Regarding mushroom variety, I used about 70% brown button (cremini) mushrooms; for the remaining 30%, I used a shiitakes mushrooms. I like this combination because using the everyday mushrooms for the bulk of the recipe keeps the price down, while the addition of shiitakes adds a robust, meaty flavor. The mushrooms get seasoned with thyme (another classic pairing) and some salt. Be sure to wait until the last minute of cooking the mushrooms to add the salt. This is important because mushrooms are very watery, and adding salt at the beginning will draw all that moisture out, which will prevent them from browning.
The next layer of flavor comes from a roux-like mixture made of flour, vegetable broth, tamari, and Worcestershire sauce. If you were wondering if Worcestershire sauce is vegan, typically it is not vegan or even vegetarian, as it’s made with anchovies. However, there are some vegan Worcestershire sauces available on the market, like this one from Annie’s and another one from a Wizard company, but the ingredient is optional. If you are gluten-free, you can use gluten-free all-purpose flour, or substitute in half the amount of cornstarch.
Next comes the star ingredient behind this incredibly creamy and rich sauce: full-fat coconut milk. I will say that you can use “lite” coconut milk if you must, though the results will be less divine. Along with the coconut milk comes even more flavor in the form of nutritional yeast, which adds a slight cheesy taste, and tahini, which adds a nutty taste and even more creaminess. After cooking, the sauce gets hit with a bit of Dijon mustard. I like to finish almost all of my savory dishes with a bit of acid (err, a bit of an acidic ingredient) because it freshens up the richness of the dish and balances out all of the flavors.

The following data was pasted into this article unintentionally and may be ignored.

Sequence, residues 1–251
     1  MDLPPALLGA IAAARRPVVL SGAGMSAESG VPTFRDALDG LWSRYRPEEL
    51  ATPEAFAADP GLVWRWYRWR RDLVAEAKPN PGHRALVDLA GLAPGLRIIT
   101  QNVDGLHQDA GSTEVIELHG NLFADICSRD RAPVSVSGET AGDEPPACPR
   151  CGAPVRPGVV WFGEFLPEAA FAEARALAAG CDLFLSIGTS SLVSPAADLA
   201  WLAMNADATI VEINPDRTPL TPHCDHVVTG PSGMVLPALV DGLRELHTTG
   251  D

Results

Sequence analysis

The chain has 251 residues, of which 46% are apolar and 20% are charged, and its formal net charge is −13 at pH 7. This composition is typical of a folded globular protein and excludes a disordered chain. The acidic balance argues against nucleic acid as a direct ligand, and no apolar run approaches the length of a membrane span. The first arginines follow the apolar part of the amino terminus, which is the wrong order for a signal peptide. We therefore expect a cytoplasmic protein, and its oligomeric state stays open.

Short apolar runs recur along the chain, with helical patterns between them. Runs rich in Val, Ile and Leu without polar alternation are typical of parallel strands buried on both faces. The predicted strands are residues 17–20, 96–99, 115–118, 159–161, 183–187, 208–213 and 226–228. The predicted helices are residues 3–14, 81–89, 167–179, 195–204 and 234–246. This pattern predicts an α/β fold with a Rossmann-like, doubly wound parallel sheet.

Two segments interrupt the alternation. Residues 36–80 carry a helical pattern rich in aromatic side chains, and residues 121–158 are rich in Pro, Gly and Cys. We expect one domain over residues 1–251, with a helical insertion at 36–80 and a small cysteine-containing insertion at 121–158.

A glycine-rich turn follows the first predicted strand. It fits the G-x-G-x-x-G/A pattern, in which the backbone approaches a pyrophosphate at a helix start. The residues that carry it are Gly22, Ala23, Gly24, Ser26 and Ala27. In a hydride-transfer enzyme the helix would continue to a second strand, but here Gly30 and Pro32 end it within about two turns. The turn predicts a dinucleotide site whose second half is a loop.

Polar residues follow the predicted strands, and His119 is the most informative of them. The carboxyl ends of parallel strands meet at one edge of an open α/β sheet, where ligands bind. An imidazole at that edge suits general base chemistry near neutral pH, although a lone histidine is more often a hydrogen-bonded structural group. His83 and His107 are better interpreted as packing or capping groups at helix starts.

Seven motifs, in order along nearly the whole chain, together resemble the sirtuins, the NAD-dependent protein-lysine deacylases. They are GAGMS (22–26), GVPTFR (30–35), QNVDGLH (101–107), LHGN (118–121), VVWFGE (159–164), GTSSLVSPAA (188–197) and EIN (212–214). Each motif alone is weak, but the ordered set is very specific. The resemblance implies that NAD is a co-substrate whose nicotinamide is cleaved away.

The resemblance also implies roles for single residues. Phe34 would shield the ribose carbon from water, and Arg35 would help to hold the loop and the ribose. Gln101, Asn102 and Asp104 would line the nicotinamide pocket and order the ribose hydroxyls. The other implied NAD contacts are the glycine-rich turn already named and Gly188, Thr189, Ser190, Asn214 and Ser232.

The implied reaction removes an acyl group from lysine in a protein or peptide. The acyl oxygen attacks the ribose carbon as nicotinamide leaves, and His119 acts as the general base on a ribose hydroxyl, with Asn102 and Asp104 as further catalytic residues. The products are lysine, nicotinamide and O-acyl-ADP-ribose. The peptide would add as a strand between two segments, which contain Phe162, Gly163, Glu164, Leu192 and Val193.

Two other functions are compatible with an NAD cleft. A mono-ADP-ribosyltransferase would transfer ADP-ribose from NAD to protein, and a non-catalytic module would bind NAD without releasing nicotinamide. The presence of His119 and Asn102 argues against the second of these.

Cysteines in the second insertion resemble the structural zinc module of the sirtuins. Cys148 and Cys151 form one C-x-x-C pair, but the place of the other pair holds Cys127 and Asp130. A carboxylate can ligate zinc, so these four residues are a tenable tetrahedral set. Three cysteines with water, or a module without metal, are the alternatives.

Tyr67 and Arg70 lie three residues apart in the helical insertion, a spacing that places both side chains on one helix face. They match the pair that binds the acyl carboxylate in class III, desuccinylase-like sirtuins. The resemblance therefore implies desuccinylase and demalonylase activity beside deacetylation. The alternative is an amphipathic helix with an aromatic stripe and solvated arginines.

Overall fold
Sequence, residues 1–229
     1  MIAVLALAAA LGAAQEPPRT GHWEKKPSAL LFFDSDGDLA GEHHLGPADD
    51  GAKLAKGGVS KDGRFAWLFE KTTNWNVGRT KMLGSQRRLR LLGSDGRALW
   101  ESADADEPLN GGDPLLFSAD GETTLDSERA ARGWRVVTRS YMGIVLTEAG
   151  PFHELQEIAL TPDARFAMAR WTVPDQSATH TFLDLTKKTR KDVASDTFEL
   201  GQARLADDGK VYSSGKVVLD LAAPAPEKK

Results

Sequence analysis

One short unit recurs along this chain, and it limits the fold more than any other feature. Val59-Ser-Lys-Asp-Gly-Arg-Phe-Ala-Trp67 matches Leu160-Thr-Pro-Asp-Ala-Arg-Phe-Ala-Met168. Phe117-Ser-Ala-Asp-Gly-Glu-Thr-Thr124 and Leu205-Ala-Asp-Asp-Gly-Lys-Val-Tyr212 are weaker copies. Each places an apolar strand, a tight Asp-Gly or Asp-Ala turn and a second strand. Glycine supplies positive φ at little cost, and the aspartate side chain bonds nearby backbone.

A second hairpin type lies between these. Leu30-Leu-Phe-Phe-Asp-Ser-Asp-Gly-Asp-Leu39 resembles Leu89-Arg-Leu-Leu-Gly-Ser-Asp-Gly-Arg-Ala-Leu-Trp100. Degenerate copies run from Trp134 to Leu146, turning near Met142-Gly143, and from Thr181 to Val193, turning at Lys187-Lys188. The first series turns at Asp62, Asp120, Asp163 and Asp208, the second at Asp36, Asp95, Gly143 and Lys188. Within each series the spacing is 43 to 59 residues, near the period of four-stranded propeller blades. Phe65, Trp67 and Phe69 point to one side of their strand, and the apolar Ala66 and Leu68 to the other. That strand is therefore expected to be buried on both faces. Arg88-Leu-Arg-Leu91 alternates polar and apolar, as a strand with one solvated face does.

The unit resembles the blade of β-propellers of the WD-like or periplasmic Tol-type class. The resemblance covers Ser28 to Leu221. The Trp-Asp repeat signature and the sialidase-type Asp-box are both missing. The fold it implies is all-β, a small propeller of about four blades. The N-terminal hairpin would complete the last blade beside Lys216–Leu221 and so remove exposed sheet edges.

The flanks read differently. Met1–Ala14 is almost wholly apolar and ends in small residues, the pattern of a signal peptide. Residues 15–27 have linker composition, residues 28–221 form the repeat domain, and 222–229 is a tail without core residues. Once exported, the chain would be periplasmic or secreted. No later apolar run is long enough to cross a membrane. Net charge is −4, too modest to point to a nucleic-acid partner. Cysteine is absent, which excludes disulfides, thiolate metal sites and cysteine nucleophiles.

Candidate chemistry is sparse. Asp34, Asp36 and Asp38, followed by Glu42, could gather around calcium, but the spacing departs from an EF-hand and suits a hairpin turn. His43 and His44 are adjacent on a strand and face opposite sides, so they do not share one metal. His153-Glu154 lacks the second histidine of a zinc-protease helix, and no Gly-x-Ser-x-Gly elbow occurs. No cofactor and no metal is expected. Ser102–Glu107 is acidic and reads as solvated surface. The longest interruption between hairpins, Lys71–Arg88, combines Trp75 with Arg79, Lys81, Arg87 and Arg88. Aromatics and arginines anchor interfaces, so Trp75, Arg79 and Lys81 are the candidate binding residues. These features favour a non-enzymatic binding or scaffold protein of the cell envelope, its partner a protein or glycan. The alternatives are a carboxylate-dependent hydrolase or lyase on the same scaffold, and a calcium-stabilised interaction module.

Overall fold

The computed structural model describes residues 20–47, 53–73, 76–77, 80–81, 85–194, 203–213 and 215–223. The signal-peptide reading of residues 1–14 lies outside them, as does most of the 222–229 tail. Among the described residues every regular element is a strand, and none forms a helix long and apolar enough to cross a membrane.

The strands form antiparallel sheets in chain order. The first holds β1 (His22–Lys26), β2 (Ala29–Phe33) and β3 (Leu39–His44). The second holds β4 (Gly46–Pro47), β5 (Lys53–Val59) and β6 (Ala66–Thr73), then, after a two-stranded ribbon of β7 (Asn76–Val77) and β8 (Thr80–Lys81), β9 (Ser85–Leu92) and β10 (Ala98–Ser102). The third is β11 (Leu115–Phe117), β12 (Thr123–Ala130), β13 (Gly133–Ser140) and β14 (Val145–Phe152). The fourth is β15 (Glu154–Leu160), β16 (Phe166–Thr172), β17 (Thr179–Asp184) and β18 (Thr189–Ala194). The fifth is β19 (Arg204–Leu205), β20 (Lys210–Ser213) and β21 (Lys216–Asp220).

The final step is to toss your hot cooked pasta with the mushroom stroganoff sauce. I used plain old fettuccine because that’s what I had on hand, but feel free to use a gluten-free pasta such as brown rice pasta, a lentil- or bean-based pasta, or even your favorite grain, such as quinoa or millet.
I hope you give this incredibly delicious and satisfying Creamy Vegan Mushroom Stroganoff recipe a try! If you do, please leave a comment below with your feedback :)
What you need to make this recipe
Creamy Vegan Mushroom Stroganoff
Vegan, Gluten-Free Option
2 tablespoons olive oil, divided
2 large leeks, cleaned, trimmed, and diced
6 garlic cloves, minced